Americans Elinor Ostrom and Oliver Williamson won the Nobel economics prize on Monday for their work in economic governance. Ostrom was the first woman to win the prize since it was founded in 1968, and the fifth woman to win a Nobel award this year — a Nobel record. The Royal Swedish Academy of Sciences cited Ostrom "for her analysis of economic governance," saying her work had demonstrated how common property can be successfully managed by groups using it.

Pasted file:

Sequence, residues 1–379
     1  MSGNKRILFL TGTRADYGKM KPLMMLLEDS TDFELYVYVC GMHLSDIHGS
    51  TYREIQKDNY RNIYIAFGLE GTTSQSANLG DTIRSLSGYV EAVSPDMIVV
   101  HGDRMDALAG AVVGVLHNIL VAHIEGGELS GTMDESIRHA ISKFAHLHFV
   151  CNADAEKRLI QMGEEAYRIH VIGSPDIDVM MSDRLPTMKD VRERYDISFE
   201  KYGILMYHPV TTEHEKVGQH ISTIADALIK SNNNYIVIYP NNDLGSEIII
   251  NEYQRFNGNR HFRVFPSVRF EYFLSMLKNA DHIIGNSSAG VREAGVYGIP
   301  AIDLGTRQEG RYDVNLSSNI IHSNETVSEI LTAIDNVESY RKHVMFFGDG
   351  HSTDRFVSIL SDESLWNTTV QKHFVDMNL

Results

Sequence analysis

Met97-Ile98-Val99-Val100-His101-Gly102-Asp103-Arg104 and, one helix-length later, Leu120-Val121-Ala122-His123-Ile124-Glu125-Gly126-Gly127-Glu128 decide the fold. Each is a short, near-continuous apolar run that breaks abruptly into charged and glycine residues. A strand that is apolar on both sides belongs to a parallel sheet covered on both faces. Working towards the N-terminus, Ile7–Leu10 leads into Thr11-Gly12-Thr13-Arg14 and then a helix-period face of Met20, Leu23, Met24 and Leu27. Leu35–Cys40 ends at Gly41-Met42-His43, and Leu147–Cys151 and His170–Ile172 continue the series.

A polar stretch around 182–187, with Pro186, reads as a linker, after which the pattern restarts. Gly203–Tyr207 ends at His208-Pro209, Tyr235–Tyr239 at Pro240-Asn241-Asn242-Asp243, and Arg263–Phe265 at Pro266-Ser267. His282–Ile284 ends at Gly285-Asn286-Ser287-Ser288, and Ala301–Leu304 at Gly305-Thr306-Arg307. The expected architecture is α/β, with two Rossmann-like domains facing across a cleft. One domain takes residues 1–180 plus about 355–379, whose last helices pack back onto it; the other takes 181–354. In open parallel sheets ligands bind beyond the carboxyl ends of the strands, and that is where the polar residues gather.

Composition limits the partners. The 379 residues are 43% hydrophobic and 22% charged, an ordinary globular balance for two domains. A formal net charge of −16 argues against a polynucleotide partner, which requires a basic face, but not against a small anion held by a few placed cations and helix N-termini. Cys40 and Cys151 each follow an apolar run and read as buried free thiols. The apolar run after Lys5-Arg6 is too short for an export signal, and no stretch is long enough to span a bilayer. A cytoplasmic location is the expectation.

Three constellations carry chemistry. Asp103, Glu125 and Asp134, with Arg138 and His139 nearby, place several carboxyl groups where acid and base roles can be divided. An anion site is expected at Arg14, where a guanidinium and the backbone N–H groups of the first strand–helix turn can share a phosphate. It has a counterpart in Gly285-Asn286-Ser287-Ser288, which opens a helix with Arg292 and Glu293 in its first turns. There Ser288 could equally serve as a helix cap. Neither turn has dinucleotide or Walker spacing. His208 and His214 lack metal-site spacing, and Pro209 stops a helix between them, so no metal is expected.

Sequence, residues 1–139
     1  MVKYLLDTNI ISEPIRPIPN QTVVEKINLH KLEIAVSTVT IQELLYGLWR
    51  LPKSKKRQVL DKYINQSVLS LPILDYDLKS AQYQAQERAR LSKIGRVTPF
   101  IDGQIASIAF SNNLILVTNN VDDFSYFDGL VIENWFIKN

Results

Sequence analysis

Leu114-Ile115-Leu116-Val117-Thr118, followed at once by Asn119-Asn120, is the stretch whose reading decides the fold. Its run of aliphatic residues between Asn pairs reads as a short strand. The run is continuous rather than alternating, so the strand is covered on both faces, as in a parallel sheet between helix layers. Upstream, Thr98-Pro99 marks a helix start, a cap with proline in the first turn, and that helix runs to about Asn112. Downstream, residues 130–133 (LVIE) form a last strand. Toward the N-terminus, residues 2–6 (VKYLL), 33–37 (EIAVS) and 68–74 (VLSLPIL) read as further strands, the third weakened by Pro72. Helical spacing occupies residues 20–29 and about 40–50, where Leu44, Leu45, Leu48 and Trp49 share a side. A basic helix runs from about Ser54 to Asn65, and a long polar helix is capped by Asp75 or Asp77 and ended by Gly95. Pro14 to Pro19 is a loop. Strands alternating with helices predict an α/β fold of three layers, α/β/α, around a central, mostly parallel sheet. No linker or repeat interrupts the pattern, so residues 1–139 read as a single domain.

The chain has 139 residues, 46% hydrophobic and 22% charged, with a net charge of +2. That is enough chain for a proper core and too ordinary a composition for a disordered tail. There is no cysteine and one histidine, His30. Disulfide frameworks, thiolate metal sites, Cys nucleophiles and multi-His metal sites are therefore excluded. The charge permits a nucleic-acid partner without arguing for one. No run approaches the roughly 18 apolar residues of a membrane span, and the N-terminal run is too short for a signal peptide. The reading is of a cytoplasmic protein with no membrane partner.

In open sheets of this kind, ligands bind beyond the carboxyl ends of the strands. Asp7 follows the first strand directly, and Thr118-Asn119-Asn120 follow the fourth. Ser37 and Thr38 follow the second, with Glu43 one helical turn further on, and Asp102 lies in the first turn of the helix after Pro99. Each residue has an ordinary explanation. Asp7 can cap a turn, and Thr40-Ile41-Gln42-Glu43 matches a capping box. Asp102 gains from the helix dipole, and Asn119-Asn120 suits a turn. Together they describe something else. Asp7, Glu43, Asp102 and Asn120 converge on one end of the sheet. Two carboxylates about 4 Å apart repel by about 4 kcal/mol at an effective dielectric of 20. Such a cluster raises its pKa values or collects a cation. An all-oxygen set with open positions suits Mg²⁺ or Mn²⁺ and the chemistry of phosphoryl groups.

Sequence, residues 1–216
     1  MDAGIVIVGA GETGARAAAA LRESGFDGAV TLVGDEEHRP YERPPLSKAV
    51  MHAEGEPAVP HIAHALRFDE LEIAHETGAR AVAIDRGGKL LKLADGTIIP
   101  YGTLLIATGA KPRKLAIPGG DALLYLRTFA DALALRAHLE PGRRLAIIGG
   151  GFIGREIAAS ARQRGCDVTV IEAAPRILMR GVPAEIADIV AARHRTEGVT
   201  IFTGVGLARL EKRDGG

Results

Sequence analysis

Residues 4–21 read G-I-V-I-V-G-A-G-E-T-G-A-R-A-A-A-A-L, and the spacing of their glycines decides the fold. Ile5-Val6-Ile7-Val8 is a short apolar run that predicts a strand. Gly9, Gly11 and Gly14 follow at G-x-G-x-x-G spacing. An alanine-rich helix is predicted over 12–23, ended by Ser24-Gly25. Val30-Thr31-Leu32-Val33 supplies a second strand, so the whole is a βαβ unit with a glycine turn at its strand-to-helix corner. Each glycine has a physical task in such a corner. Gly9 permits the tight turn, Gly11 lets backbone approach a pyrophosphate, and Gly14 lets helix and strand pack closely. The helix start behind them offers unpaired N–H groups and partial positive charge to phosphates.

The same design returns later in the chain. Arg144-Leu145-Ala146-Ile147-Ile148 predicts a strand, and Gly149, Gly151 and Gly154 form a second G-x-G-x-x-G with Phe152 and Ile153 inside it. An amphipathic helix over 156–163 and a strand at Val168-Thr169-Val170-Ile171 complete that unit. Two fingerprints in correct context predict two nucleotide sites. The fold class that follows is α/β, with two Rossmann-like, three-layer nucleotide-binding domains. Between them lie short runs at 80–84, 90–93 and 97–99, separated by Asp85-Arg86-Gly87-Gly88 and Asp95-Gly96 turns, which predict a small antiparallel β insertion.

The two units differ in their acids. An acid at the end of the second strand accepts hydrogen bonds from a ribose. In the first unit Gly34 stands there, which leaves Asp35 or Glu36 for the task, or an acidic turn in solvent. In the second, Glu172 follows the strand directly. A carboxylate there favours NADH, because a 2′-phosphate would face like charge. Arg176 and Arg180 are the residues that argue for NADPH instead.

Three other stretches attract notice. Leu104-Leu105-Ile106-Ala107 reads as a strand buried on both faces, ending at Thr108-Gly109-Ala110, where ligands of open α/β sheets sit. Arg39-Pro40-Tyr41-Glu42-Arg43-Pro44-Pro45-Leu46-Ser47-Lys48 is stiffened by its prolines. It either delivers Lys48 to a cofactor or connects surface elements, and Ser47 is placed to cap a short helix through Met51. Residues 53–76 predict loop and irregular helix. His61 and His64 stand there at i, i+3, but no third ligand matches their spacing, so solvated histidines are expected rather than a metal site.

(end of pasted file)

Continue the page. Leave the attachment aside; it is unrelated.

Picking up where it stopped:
Here is an example of Ostrom's "economic" views:
Common property regimes typically function at a local level to prevent the overexploitation of a resource system from which fringe units can be extracted. There are no examples of common property regimes which solve problems of overuse on a larger scale, such as air pollution. In some cases, government regulations combined with tradable environmental allowances (TEAs) are used successfully to prevent excessive pollution, whereas in other cases — especially in the absence of a unique government being able to set limits and monitor economic activities — excessive use or pollution continue.
MEMO TO ELINOR OSTROM: Download a free PDF copy of Hans Hoppe's Economics and Ethics of Private Property.